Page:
Can We Feed and Save the Planet?

Challenges of population control and food production need to be tackled in tandem

We are eating ourselves out of house and home. Recently, in the September 24 issue of Nature, Johan Rockström and his colleagues proposed 10 “planetary boundaries” to define safe limits of human activity. (Scientific American is part of the Nature Publishing Group.) Those limits include caps on greenhouse gas emissions, biodiversity loss, the global conversion of land cover to cropland, and other mega-impacts on the earth’s ecosystems. Yet humanity has already exceeded several of them and is on a trajectory to exceed most of the others. The rising demand for food plays a large role in those transgressions.

The green revolution that made grain production soar gave humanity some breathing space, but the continuing rise in population and demand for meat production is exhausting that buffer. The father of the green revolution, Norman Borlaug, who passed away in September at the age of 95, made exactly this point in 1970 when he accepted the Nobel Peace Prize: “There can be no permanent progress in the battle against hunger until the agencies that fight for increased food production and those that fight for population control unite in a common effort.”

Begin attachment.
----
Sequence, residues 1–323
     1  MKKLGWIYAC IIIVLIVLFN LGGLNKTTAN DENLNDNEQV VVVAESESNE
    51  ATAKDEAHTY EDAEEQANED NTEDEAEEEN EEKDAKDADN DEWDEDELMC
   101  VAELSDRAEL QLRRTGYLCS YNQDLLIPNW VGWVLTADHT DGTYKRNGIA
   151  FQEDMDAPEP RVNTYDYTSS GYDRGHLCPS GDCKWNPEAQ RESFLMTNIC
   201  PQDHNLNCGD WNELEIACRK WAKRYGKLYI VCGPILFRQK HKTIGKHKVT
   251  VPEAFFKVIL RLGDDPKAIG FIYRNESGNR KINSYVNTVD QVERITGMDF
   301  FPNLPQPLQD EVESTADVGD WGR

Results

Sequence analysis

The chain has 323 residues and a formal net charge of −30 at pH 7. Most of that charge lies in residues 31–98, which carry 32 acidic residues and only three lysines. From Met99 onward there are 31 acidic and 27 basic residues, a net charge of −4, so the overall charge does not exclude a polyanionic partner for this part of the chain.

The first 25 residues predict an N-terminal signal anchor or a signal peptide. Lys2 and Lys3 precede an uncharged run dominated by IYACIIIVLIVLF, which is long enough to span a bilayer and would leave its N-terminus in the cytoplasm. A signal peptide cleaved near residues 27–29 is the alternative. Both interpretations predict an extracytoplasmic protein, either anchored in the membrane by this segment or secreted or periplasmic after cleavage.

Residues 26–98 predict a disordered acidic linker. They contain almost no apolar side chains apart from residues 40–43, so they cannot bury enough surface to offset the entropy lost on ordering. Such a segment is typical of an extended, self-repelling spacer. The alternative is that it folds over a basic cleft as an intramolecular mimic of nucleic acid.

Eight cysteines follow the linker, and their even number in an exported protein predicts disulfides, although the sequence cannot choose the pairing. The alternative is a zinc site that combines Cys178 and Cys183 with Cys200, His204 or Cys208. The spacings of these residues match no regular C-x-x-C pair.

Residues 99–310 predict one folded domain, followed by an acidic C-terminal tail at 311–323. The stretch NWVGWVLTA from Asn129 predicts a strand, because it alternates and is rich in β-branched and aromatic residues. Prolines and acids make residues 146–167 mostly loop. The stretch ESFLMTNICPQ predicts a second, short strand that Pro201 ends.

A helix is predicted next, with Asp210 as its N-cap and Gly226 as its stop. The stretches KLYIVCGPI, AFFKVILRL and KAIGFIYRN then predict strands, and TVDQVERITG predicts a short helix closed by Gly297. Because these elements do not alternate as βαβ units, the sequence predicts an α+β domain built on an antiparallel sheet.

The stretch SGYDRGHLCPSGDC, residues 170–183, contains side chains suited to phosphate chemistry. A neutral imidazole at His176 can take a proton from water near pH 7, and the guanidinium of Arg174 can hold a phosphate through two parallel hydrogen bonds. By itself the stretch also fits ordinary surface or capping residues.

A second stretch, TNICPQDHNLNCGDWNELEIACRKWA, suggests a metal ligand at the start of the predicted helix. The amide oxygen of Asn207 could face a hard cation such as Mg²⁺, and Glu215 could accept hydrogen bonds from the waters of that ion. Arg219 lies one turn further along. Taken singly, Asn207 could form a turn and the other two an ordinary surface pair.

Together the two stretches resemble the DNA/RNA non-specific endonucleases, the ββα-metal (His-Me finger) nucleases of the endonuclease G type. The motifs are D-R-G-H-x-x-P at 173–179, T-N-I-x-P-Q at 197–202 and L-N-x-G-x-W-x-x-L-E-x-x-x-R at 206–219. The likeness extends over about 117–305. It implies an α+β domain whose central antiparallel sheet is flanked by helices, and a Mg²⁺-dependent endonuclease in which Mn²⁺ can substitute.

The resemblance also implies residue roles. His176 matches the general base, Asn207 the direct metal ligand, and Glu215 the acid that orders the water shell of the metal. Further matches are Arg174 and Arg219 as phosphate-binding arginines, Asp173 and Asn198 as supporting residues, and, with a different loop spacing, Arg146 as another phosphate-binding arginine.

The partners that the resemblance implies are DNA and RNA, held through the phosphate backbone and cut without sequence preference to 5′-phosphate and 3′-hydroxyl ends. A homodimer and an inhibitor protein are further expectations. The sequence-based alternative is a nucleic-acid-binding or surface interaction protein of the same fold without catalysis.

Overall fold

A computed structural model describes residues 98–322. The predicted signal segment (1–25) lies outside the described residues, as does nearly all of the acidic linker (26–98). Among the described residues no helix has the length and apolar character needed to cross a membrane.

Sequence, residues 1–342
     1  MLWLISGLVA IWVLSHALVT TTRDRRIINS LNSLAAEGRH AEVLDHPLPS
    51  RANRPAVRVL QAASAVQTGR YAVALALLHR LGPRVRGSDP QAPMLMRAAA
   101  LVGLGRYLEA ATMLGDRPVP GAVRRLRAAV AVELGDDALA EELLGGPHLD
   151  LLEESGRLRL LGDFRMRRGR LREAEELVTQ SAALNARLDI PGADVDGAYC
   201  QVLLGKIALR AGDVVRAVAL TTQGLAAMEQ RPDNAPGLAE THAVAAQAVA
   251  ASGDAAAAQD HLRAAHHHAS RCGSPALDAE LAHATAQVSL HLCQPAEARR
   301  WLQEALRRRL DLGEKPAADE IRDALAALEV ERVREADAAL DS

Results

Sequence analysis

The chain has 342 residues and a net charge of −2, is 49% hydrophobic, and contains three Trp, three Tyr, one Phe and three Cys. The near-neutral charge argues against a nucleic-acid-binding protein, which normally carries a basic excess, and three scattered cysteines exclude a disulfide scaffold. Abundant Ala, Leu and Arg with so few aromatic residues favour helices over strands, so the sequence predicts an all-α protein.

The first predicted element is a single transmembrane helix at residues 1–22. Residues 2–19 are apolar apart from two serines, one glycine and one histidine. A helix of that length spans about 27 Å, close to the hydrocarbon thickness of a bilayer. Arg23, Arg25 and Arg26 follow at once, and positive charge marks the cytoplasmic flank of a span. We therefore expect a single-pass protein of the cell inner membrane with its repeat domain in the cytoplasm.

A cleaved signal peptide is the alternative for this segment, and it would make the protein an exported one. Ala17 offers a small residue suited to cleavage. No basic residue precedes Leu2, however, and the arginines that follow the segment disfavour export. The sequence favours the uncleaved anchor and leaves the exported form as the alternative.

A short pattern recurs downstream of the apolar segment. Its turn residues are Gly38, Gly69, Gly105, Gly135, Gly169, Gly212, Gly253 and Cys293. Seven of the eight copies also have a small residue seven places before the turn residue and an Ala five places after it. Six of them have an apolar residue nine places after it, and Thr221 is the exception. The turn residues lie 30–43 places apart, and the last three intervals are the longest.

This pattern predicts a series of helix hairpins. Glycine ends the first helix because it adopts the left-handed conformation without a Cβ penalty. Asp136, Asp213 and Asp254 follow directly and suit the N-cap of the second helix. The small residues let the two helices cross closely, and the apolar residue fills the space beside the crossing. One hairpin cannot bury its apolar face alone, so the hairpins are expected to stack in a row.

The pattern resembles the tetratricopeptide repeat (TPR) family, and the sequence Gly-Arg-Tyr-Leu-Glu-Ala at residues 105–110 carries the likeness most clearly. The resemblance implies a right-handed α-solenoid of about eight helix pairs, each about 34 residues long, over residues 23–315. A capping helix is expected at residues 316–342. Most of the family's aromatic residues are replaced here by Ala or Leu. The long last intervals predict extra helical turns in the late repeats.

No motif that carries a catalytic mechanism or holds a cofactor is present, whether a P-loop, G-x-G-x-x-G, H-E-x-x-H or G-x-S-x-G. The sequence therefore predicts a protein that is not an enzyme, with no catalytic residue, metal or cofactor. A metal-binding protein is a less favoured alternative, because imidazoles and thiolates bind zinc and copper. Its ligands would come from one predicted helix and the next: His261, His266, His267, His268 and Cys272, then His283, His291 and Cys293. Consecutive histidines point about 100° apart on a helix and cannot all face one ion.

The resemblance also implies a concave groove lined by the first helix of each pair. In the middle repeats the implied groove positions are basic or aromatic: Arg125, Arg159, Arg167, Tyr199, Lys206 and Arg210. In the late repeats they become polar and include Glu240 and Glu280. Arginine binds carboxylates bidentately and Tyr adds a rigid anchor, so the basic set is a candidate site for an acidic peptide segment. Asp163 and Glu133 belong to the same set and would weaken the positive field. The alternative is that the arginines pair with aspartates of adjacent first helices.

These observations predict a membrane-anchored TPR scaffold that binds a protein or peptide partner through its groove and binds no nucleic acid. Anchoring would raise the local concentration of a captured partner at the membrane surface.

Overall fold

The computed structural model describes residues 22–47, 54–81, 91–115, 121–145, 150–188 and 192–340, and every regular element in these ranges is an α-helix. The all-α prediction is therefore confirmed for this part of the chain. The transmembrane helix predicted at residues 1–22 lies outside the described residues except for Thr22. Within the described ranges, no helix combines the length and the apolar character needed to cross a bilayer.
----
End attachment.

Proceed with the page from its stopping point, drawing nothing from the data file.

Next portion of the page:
That common effort was inconsistent at best and sometimes essentially nonexistent. Since 1970 the population has risen from 3.7 billion to 6.9 billion and continues to increase by around 80 million a year. Food production per person has declined in some big regions, notably sub-Saharan Africa. In India the doubling of population has absorbed almost all of the increase in grain production.

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